IJCRR - vol 05 issue 19, October, 2013
Date of Publication: 19-Oct-2013
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SOIL QUALITY AND YIELD DECLINE : PERCEPTION OF FARMERS IN THE SUDAN SAVANNAH REGION OF NIGERIA
Author: S. Usman, S. S. Noma
Category: General Sciences
Abstract:Assessment of farmers? perception on soil quality and crop yield decline has been carried out in the Sudan Savannah (SS) of Kebbi State Nigeria with a specific objective to provide a report on soil quality deterioration and yield decline using IPCC climate change impact report on Africa by 2020. The assessment was made using face-to-face-verbal-interview. The interview was divided into four rounds according to four questions. It is reported that the farmers are aware of climate change impact and they have considered this impact as one of the major agricultural problem that would take part in soil quality deterioration and yield decline in the SS by 2020. Generally, the fact that the climate change impact will cause yield reduction for up to 50% in Africa by 2020 remained an open debate issue for most farmers in the SS.
Keywords: Soil quality, yield, farmers, climate change, savannah
It is well known that farmers are expert because of the daily experiences, which they have been acquiring year after year in farming activities. Their experiences are important for future agricultural management (IPCC, 2001). Farmers are known to have developed intricate systems of gathering, predicting and interpreting agricultural related problems for future management (IPCC, 2007). In the Sudan Savannah (SS) of Kebbi State Nigeria, farmers are much more concern about the soil and crop yield performances (KARDA, 1997). They are very worried about the poor soil fertility and soil quality levels because of low crop yield. Therefore, farmers in the SS are in position to contribute based on their experiences to research development in the identification of soil-crop related problems, namely soil quality deterioration and crop yield decline. Studies in Nigeria (Raji et al., 2000) and Kenya (Defoer et al., 2000) reported that farmers are able to use their experiences on weather condition such as annual rainfall record, hottest season in a year, nature of wind in dry season as well as physical surface soil condition and crop yield performances to make a judgement for present and future agricultural soil and crop related problems. Farmer’s experience was considered as the basis for local-level decision-making in many rural communities because of its value not only for the culture in which it evolves but also for scientists who are working to improve awareness in rural localities (IPCC, 2007). In the present study, the farmers based knowledge in agriculture was used to know and understand the level of soil quality deterioration and crop yield reduction in the SS. The general objective of this study was to provide a report on soil quality deterioration and crop yield reduction based on farmer’s perception on climate change impacts using IPCC climate change impact report on Africa by 2020.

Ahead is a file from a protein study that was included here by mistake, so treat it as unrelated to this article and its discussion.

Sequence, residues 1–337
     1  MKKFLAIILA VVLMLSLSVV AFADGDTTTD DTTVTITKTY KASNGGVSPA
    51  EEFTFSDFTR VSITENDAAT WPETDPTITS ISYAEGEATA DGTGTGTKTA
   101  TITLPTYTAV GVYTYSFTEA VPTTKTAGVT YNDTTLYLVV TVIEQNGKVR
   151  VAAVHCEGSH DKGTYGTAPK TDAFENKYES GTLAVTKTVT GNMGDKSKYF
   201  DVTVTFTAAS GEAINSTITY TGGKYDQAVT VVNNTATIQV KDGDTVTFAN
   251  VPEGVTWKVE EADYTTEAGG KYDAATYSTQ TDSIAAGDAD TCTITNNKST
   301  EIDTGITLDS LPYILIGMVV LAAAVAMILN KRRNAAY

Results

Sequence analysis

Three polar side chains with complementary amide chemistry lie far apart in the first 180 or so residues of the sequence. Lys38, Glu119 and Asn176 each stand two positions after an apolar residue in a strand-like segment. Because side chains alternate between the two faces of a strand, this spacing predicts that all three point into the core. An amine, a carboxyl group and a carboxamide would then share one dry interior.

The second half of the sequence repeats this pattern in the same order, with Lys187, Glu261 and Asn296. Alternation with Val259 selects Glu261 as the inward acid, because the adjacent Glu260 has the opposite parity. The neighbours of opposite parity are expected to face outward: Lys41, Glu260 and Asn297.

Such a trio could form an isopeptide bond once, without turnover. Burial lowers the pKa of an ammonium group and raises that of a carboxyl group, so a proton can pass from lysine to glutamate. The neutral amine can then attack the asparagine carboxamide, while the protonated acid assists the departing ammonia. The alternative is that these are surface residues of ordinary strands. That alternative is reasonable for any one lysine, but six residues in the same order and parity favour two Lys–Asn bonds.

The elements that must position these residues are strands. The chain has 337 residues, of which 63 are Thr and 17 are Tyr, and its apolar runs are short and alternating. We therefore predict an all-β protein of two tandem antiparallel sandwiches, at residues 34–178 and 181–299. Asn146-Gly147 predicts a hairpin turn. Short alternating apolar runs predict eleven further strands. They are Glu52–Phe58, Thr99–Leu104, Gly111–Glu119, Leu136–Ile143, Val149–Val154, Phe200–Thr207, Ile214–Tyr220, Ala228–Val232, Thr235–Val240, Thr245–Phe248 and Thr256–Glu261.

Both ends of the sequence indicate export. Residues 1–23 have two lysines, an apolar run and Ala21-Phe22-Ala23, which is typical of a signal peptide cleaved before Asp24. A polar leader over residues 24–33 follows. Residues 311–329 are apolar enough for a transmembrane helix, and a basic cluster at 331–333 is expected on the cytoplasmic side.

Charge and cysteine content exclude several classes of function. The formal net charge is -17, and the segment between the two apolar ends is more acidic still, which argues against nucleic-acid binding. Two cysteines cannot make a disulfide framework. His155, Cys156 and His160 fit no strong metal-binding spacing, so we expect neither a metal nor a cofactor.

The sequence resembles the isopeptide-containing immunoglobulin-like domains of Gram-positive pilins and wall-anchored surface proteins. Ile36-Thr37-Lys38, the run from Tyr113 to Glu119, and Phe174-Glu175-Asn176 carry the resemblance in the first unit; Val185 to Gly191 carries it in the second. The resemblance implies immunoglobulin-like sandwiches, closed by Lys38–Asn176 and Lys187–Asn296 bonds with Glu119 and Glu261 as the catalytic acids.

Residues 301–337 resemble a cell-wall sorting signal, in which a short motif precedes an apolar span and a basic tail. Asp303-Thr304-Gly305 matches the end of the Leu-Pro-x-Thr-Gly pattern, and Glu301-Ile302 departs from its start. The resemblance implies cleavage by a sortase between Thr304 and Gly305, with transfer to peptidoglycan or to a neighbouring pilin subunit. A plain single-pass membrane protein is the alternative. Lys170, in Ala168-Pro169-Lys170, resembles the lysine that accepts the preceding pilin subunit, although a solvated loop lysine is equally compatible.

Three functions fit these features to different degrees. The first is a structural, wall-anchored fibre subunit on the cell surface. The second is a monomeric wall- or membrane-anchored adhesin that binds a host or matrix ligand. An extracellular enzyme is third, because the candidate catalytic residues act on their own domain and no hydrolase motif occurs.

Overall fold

MATERIAL AND METHOD
The SS of Kebbi State Nigeria is one of the most agriculturally viable environments in northern States of Nigeria. The total landmass of northern Nigeria including the SS is 75.9% of the country (Clara et al., 2003). The region lies between latitude 11o and 13oN and longitudes 4o and 15oE, bordering the Nigerian States of Sokoto to the north, Zamfara to the east and Niger to the south. In sub-Saharan Africa, the SS borders the nations of Niger republic to the west and Benin republic to the southwest (Figure 1). The total land area of Kebbi State including the SS is 36,229 km2 of which 12,600 km2 is under agriculture (KARDA, 1997). The annual rainfall in the SS is variable and declining, being 600 mm to 875 mm and on average 650 mm during the period 1995-2010, against 815 mm over 1962-71; and was only 509 mm in 1993 as reported by Oluwasemire (2004). The annual monthly temperatures are between 25oC-45oC.
IPCC (2007) report on climate change impact in Africa